January 2013 | Collaboration
Going Mobile: Tips for Capturing Traffic on the Go
How people access the internet and digest information continues to rapidly change, with multiple studies indicating mobile devices will soon take over desktops (if they have not already) as the common tool for using the web. The ever-increasing mobile crowd includes your clients and potential clients, of course, so it’s more important than ever to design your web presence to meet their needs. Here are some best practices to consider in redesigning your websites for a mobile world.
Make Things Bigger
People navigate mobile websites using their finger or thumb, instead of a mouse pointer. Touch interfaces are used differently than other computer interfaces, and have a different set of best practices to consider when designing them.
Small things are hard to click on, select, or otherwise manipulate when you are using your big fat thumb. Nothing is more annoying than trying to touch a small button or text link on a mobile website and ending up touching the link above or below it by mistake.
Make links bigger when possible. Ensure that links in navigation are spaced far enough apart that visitors won’t accidentally select the wrong link.
You should also ensure that your text size results in copy that is easy to read on a small backlit screen. It’s much easier to read a larger 14 pixel font on a small screen than it is a smaller 12 pixel font. Larger font sizes, and a bit of extra line height, makes reading even long articles fairly easy on a phone.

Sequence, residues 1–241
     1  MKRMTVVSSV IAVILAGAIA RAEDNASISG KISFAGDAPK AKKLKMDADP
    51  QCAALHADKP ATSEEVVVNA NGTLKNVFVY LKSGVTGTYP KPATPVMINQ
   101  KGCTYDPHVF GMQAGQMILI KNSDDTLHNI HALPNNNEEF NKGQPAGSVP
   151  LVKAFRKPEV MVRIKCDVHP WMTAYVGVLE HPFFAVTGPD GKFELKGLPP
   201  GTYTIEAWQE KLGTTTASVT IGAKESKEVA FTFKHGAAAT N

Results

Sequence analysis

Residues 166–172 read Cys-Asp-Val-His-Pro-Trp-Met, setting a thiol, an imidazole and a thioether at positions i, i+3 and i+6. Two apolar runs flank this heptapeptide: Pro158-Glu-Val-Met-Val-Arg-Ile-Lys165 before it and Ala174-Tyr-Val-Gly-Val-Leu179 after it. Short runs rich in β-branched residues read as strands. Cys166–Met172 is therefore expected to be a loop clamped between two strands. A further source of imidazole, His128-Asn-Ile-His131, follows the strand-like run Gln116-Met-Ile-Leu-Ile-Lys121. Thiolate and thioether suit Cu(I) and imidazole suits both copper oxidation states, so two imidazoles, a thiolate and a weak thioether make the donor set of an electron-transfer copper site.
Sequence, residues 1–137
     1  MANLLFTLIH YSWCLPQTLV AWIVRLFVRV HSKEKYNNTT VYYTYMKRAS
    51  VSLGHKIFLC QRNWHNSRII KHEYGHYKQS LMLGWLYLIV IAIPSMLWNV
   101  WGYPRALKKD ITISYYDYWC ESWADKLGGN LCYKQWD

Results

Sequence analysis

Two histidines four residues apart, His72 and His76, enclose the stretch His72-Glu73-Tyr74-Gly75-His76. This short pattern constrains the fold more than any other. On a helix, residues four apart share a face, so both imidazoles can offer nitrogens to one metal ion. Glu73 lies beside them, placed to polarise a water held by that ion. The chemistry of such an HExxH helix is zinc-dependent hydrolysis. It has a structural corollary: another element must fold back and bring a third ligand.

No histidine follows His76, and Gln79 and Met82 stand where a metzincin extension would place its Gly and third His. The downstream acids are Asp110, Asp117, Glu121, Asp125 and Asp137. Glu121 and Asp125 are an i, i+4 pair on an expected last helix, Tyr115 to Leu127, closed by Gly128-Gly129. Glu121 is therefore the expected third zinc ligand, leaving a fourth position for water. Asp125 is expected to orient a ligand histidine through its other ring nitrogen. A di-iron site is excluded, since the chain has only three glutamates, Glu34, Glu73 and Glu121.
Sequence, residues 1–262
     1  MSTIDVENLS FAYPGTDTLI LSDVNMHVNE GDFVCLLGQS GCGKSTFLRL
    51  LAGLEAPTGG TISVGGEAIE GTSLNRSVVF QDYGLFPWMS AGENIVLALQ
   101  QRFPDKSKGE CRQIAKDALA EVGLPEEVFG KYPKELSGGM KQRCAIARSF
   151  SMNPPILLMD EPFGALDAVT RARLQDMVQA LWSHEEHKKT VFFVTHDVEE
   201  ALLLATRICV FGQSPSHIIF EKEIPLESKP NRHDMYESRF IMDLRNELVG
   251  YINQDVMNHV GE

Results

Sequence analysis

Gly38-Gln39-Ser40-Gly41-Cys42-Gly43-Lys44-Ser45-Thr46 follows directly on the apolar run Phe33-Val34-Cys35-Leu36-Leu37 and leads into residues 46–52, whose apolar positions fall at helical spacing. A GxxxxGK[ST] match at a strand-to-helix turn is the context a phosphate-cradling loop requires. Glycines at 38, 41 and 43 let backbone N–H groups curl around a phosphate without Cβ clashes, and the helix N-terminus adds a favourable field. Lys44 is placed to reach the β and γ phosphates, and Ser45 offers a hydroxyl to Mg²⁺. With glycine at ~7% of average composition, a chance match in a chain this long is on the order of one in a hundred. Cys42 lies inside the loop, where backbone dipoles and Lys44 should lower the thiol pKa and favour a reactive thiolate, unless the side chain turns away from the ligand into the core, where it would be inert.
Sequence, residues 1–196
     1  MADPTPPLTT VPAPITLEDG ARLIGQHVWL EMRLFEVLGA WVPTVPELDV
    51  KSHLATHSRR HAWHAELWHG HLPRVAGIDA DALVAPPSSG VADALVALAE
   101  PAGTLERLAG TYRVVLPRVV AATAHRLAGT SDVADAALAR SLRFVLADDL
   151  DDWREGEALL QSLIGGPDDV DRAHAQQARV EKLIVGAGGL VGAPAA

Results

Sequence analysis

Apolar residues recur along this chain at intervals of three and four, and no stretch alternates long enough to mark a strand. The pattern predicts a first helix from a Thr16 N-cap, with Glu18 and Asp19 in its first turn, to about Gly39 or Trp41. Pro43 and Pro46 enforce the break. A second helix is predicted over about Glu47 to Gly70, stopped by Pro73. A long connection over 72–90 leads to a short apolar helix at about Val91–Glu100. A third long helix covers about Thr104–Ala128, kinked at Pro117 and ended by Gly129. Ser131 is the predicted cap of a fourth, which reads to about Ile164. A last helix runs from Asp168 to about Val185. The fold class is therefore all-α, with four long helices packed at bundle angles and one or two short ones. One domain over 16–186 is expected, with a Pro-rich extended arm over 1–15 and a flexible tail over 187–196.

Strip It Down
A picture of businesspeople shaking hands doesn’t help the visitor to understand content about the firm’s experience in litigation, real estate, or some other practice area. While an attorney bio should still have a picture of the attorney, maybe leave off the large badges or award logos.
The Fisher Phillips mobile website effectively balances graphics and content to provide a usable interface.
Don’t make a watered-down version of your website. If you already have a website database that holds and serves all of your content, then there is no reason you should not provide your entire website, with all available content, to mobile visitors.
Use Color Contrast
Both of the major mobile operating system interfaces (Android and iPhone) are similar in functionality. Menus, when touched, expand down or right. Links and options have a certain spacing and appearance.
Mobile websites are most easily understood when these same conventions are used because visitors are already accustomed to the functionality. Using expanding and contracting menus on your mobile website will provide a familiar navigational technique to the visitor. Providing large clickable areas on the screen, in the style of a phone operating system, will help the visitor to understand what they can touch on the screen to navigate.
Responsive Design versus Mobile Website
If you are considering a mobile web project and have started talking to different designers about it then you have probably heard some talk about responsive design versus a separate mobile website. Don’t know what it means? Here it is in a nutshell.
In responsive web design you create a single website. Its layout and other elements can change to accommodate the screen size or device that is accessing the site.